Soil Moisture Mission Rockets into Orbit

Soil Moisture Mission Rockets into Orbit
Soil Moisture Mission Rockets into Orbit

In the pre-dawn hours of January 31, 2015, a Delta II rocket lifted off from Vandenberg Air Force Base and carried NASA’s Soil Moisture Active Passive (SMAP) satellite into orbit. Instruments on the satellite will make global measurements of soil moisture—an important component of Earth's water, carbon, and energy cycles.

The photographs above were taken just after liftoff at 6:22 a.m. Pacific Standard Time. The top photograph shows the Delta II blasting away from Vandenberg's Space Launch Complex 2; the rocket was visible for just a few seconds before disappearing into a bank of low clouds. NASA photographer Bill Ingalls captured the second photograph, a long exposure that shows the arc traveled by the rocket after emerging from the clouds.

"We had a terrific ride into space this morning aboard the Delta II rocket," said SMAP project manager Kent Kellogg, who spoke at a post-launch press briefing. "This is a fantastic start to the Soil Moisture Active Passive system."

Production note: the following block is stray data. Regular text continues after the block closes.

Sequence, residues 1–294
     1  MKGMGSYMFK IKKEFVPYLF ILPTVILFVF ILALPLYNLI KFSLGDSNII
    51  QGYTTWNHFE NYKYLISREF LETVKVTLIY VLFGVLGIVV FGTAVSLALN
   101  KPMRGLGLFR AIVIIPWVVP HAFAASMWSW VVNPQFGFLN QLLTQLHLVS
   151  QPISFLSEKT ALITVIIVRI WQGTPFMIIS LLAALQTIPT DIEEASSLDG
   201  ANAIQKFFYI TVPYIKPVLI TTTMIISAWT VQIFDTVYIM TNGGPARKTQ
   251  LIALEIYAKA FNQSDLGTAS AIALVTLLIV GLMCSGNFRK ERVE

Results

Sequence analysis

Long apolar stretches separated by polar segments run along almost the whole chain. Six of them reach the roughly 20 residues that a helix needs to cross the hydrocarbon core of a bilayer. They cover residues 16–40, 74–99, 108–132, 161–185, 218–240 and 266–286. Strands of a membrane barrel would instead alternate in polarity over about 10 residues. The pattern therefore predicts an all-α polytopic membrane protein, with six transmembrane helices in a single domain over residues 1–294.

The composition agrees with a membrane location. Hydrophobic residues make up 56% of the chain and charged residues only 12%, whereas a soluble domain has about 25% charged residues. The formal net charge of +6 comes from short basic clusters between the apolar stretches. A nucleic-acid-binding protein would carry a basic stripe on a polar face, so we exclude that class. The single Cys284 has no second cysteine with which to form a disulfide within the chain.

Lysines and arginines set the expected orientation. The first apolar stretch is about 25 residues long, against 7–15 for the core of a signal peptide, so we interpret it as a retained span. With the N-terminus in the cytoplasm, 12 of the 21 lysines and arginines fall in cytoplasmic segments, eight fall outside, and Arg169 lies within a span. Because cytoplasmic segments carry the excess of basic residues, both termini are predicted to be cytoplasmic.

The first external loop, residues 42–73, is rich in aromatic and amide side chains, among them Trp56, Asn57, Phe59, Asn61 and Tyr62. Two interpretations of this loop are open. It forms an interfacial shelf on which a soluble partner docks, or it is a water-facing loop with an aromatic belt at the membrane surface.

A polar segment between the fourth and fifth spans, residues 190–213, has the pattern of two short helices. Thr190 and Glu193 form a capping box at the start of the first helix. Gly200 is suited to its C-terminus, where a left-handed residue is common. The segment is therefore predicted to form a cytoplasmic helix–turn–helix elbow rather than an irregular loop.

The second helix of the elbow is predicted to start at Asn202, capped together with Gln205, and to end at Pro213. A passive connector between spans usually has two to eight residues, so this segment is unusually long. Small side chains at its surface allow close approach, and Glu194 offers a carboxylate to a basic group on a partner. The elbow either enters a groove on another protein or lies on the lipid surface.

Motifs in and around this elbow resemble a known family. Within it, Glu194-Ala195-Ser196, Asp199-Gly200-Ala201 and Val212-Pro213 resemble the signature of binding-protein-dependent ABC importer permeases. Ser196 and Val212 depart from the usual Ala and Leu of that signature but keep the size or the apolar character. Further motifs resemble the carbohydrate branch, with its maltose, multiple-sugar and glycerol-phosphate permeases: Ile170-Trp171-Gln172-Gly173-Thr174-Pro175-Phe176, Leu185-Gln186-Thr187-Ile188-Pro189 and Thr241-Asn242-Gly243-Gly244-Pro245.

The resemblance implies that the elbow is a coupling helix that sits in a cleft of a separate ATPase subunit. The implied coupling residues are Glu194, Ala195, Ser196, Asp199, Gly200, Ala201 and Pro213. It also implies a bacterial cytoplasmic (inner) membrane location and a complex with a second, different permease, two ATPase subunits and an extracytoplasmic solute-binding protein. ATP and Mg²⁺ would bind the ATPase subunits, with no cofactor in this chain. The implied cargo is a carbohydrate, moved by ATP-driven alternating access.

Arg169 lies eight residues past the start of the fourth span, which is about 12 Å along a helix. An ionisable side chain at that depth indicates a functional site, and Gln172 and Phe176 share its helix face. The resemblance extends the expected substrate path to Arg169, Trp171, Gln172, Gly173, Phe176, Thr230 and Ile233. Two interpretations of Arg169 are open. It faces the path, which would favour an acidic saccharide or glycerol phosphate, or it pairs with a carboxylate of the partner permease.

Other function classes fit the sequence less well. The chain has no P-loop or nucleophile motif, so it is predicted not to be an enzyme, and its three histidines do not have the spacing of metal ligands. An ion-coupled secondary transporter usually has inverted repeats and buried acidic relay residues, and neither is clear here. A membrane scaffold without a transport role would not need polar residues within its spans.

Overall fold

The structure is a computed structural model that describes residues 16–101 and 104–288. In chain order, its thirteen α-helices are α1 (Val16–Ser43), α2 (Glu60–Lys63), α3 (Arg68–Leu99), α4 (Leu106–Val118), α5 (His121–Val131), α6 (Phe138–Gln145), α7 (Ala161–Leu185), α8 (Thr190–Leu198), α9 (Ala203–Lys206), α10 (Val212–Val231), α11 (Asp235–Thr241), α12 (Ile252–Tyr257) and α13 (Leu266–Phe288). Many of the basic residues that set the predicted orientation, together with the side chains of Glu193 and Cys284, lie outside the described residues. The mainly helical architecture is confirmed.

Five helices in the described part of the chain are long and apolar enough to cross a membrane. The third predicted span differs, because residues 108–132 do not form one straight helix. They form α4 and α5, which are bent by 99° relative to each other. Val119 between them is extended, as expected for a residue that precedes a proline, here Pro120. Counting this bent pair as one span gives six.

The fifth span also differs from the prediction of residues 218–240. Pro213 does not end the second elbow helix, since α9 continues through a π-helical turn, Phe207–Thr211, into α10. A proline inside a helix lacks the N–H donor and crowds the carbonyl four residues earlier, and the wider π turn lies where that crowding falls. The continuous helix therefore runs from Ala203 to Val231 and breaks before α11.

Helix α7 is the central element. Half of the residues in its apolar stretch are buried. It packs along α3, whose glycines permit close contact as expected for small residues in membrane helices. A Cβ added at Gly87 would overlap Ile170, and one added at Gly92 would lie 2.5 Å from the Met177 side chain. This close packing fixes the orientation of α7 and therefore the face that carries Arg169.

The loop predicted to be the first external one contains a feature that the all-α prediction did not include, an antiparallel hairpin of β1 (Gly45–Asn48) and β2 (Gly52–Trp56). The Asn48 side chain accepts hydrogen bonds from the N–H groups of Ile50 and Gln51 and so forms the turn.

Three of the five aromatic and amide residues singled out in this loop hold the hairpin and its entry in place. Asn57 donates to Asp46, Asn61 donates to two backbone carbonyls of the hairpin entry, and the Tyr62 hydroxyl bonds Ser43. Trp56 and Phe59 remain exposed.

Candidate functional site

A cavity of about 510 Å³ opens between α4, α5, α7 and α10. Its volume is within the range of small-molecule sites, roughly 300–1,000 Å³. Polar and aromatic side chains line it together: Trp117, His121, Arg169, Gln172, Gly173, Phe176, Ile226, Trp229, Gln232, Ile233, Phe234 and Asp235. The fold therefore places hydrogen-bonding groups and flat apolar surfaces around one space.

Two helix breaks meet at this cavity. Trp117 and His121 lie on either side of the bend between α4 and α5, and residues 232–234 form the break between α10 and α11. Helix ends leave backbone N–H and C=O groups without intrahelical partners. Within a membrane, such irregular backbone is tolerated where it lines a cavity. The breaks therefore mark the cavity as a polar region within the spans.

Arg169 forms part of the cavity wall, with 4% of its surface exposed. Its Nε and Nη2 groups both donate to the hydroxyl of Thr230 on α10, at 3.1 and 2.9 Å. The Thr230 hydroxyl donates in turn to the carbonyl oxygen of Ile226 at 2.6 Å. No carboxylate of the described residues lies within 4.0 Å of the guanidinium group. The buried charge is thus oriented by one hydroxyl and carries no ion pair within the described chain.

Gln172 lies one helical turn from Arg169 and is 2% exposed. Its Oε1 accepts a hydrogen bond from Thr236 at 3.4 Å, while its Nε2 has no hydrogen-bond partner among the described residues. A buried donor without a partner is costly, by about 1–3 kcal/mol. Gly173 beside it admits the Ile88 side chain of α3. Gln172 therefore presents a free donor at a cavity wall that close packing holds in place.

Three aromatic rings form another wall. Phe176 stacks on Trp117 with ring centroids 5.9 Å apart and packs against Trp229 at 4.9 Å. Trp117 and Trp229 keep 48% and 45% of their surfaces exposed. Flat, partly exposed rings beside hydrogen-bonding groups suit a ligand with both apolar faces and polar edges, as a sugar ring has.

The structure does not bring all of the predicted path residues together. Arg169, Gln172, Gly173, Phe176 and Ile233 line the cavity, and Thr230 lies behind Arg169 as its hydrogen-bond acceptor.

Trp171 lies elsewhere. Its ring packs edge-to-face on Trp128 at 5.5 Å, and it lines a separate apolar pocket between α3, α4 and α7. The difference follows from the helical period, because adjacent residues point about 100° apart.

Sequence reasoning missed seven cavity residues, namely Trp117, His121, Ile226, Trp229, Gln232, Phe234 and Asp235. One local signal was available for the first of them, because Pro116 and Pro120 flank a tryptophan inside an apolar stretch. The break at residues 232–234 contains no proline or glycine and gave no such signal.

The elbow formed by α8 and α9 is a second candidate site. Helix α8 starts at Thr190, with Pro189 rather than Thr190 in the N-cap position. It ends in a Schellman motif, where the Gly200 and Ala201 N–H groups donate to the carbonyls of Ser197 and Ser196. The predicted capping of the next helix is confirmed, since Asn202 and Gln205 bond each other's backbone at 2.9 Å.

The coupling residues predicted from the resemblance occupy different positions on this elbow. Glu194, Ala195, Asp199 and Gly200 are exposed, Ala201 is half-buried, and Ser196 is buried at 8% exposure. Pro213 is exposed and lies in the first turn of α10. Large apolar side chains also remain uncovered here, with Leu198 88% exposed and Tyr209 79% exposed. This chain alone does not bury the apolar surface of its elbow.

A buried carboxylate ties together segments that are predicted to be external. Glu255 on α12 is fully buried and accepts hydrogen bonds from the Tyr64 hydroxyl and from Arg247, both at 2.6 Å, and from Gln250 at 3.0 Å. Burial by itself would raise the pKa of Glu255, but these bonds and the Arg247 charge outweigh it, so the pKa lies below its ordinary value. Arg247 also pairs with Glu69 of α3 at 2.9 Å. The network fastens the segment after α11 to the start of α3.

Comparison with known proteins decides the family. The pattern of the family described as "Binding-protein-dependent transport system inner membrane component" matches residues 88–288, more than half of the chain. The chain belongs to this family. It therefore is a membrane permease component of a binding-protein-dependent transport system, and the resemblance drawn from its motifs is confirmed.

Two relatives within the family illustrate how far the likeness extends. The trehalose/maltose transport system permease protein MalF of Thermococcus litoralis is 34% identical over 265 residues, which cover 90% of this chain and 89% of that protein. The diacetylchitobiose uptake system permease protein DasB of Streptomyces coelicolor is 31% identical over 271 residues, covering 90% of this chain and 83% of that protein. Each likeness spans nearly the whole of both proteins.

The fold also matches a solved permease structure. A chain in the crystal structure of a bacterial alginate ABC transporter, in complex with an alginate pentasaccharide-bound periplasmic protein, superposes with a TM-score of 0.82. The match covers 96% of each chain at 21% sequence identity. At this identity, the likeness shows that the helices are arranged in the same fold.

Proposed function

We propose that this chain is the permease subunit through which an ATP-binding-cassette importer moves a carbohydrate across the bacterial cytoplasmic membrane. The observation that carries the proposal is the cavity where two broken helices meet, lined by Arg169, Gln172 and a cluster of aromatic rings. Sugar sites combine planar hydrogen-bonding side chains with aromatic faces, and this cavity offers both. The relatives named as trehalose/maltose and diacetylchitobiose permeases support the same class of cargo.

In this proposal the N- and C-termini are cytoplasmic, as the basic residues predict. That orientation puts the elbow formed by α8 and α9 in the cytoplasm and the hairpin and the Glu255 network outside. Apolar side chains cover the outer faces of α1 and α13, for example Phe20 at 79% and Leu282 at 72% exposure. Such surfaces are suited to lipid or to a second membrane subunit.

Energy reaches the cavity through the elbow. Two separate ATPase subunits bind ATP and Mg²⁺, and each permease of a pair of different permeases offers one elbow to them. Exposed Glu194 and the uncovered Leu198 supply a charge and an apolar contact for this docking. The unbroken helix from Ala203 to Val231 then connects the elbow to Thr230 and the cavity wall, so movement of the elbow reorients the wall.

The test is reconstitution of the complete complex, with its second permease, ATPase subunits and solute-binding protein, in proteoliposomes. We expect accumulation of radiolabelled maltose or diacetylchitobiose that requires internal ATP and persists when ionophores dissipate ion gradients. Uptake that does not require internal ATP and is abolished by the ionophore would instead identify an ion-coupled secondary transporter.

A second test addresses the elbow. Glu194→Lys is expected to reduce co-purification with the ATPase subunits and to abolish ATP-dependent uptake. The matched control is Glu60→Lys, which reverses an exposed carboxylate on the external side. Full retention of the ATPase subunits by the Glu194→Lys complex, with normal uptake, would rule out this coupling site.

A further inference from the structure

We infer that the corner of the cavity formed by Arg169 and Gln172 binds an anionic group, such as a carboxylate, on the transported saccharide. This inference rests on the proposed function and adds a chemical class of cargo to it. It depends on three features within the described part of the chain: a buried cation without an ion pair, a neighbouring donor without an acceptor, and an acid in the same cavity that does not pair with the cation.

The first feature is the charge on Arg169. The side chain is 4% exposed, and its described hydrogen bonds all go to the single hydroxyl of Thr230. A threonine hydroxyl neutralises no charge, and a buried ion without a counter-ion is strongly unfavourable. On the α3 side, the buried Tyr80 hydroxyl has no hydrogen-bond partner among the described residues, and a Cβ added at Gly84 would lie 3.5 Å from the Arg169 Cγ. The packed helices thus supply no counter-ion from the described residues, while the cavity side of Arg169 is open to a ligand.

After launch, the satellite will be placed in a sun-synchronous polar orbit, explained payload system engineer Mike Spenser at a SMAP science forum on January 28. The orbit is a common choice for missions that provide global maps of the planet.

The global maps from SMAP—which will be completed every two to three days—will show moisture in the top few inches of the soil. The information is expected to improve weather forecasts and seasonal climate projections, and to provide data for a wide range of applications already in development.

"SMAP is going to make a big difference in the way people around the world make decisions," said Susan Moran who chairs the SMAP applications working group.

SMAP is NASA's fifth of five Earth science missions to launch within the span of 12 months.

Bottom image by Bill Ingalls. Top image and caption by Kathryn Hansen.

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